Put Down the Stones

Jesus returned to the Mount of Olives, but early the next morning he was back again at the Temple. A crowd soon gathered, and he sat down and taught them. As he was speaking, the teachers of religious law and the Pharisees brought a woman who had been caught in the act of adultery. They put her in front of the crowd.
“Teacher,” they said to Jesus, “this woman was caught in the act of adultery. The law of Moses says to stone her. What do you say?” They were trying to trap him into saying something they could use against him, but Jesus stooped down and wrote in the dust with his finger. They kept demanding an answer, so he stood up again and said, “All right, but let the one who has never sinned throw the first stone!” Then he stooped down again and wrote in the dust.
When the accusers heard this, they slipped away one by one, beginning with the oldest, until only Jesus was left in the middle of the crowd with the woman. Then Jesus stood up again and said to the woman, “Where are your accusers? Didn’t even one of them condemn you?” “No, Lord,” she said. And Jesus said, “Neither do I. Go and sin no more.” John 8:1-11 (NLT)

There are three perspectives in this story that I would love for you to consider:
-The woman (we discussed this in last month’s newsletter)
-The crowd
-The teachers of the law and the Pharisees

The crowd, so accustomed to moving to the beat of the religious drum, was looking to see what spectacle the Pharisees and law teachers would bring out for everyone’s amusement today. And Jesus was there - a teacher that many have come to hear once again. But this woman was caught in the very act of adultery. I know that Jesus has been known to come down on the religious leaders, but surely He will be stern with this woman. Surely He will pick up a stone as well. But instead, with one phrase, He instantly puts everyone on equal footing. Instantly, everyone knew they had no defense. They can’t pretend they don’t also have sin. What were they feeling? Scholars can’t agree on what Jesus might have been writing in the dirt, but I like to think that maybe He was writing individual sins that each one in the crowd had committed, calling them all out on their private, yet shameful, actions and decisions.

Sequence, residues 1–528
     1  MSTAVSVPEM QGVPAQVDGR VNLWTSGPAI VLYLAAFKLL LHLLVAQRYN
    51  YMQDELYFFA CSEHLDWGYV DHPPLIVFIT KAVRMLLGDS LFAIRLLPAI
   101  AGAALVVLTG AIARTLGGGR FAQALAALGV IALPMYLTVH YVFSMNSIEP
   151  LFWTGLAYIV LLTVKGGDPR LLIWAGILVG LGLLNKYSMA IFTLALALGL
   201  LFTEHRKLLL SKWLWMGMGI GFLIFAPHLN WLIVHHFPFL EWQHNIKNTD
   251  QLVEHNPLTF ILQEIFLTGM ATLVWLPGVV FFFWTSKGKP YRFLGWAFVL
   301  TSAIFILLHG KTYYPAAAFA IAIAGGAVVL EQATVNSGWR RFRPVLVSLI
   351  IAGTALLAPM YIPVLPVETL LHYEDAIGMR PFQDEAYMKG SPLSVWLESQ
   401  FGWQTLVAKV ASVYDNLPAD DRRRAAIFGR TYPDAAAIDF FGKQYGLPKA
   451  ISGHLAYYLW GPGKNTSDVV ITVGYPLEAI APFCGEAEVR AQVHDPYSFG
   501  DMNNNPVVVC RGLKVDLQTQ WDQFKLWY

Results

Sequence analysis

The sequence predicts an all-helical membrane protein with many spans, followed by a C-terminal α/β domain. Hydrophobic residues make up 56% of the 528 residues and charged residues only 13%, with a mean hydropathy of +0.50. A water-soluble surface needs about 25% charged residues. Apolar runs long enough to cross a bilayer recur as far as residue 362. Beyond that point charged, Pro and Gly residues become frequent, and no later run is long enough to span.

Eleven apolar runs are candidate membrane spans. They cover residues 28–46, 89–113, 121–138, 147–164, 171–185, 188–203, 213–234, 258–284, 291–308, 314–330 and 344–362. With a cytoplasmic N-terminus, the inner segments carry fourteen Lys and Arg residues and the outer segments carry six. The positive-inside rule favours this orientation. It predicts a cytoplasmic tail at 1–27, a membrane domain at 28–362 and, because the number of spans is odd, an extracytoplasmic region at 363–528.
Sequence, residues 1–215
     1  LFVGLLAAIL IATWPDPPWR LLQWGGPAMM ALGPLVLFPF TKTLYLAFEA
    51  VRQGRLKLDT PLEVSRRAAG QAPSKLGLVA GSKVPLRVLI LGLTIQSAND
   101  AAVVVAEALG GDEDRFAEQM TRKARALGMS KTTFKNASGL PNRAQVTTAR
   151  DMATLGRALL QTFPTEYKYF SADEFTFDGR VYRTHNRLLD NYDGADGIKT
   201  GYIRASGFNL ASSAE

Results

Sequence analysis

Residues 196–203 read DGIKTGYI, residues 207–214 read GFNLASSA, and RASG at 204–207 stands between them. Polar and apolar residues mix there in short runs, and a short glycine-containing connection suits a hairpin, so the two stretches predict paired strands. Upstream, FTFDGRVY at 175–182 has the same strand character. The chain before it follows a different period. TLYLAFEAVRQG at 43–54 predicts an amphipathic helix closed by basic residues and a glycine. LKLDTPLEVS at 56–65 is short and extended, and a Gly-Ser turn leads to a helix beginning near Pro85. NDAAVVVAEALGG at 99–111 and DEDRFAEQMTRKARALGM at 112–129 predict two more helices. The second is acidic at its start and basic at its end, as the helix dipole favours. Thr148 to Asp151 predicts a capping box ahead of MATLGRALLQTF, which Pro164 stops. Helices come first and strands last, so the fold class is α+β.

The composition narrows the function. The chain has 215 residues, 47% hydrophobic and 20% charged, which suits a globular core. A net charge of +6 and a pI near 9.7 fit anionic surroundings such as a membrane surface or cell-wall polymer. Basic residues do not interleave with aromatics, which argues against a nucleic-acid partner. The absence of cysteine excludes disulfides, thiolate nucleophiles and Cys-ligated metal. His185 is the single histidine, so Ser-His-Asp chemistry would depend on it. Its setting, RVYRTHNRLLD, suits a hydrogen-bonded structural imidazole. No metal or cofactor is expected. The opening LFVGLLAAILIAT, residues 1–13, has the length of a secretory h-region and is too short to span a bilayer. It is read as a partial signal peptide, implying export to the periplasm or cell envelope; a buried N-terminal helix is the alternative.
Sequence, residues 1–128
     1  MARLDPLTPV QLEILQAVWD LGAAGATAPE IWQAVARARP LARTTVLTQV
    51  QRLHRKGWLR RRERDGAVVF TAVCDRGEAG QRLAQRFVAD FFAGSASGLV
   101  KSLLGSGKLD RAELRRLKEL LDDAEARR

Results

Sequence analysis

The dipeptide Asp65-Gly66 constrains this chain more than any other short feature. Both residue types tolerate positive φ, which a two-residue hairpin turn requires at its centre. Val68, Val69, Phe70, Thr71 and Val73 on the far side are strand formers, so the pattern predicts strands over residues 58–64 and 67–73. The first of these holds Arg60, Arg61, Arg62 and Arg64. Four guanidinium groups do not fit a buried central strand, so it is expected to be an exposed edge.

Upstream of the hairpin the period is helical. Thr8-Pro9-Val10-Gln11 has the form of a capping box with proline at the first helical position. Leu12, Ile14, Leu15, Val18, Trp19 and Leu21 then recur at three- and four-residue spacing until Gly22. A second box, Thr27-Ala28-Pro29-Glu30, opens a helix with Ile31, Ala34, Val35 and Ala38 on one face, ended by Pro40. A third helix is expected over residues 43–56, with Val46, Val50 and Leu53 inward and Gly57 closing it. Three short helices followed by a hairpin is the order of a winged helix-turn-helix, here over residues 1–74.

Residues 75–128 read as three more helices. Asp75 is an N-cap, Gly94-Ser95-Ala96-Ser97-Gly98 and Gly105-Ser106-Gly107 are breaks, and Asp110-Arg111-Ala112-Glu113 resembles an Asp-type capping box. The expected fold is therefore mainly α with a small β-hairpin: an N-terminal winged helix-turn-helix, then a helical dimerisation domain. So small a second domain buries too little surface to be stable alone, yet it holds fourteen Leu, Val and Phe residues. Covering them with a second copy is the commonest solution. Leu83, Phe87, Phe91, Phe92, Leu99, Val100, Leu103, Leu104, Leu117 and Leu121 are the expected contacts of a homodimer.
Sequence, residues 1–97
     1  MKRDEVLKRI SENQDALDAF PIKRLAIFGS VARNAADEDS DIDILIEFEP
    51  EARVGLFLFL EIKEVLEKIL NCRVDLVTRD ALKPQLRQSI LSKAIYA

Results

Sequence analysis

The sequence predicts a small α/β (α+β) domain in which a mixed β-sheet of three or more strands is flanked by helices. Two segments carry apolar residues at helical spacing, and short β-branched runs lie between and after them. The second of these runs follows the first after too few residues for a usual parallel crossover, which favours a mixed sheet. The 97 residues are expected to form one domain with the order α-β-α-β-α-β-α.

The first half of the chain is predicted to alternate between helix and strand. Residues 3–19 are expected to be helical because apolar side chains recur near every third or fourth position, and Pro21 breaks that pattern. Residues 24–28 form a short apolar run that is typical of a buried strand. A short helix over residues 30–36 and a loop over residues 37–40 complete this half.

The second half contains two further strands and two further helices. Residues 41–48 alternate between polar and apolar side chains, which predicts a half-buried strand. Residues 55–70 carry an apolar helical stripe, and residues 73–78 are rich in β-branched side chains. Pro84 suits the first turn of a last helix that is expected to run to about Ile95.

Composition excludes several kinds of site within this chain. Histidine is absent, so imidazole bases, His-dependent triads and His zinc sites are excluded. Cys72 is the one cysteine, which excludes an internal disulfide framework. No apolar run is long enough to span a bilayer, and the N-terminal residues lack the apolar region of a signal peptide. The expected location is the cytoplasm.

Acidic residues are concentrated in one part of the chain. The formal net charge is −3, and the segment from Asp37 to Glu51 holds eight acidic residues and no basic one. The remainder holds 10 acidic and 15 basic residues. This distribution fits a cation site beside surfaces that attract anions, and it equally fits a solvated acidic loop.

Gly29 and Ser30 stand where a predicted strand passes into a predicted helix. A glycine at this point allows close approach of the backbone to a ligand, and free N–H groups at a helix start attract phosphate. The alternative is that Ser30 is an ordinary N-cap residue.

The Pharisees and teachers, eager to catch Jesus in a condemning mistake, thought for sure they had Him now. He was known for His grace and for keeping company with sinners, but surely He can’t write this one off. Surely we’ve got Him this time. But, wait, what is He writing in the sand about? And all at once, it’s over. He won’t be trapped today.

Throughout the Gospels, every time Jesus speaks, it is always polarizing. His words always leave only two options—follow Him or don’t. There is no middle ground. What was Jesus asking of the people in the crowd that day? I believe it was to follow Him in the way of mercy.

It would be another woman, caught in the act of adultery, that would brave the scowls of judgment and the condemnation of the religious elite to say thank you to Jesus. In Luke 7, to give those who didn’t think they needed a Savior a chance to follow Him, Jesus tells a parable that ends with this lesson - those who have been forgiven much love much.
The path to love and forgiveness that Jesus modeled in this story is paved with a recognition of how much we have been forgiven and loved. We did not deserve it, and yet God poured out His forgiveness and love on us. We can do the same with His Spirit living inside us. I love this prayer by Lauren Fortenberry - may it be your prayer whenever you’re faced with someone hard to love…

“When their words cut like a knife. God, help me put down the stones.
When their actions break my heart. God, help me put down the stones.
When the blood from their own wounds covers me. God, help me put down the stones.
Because You have called me to more. More grace. More forgiveness. More peace.
But I can’t get there if my hands are casting stones and pointing fingers.
So, God, give me the strength to let it go.
And pray for them instead. Your way is higher.
Guide my hands and my feet in Your will this day.”

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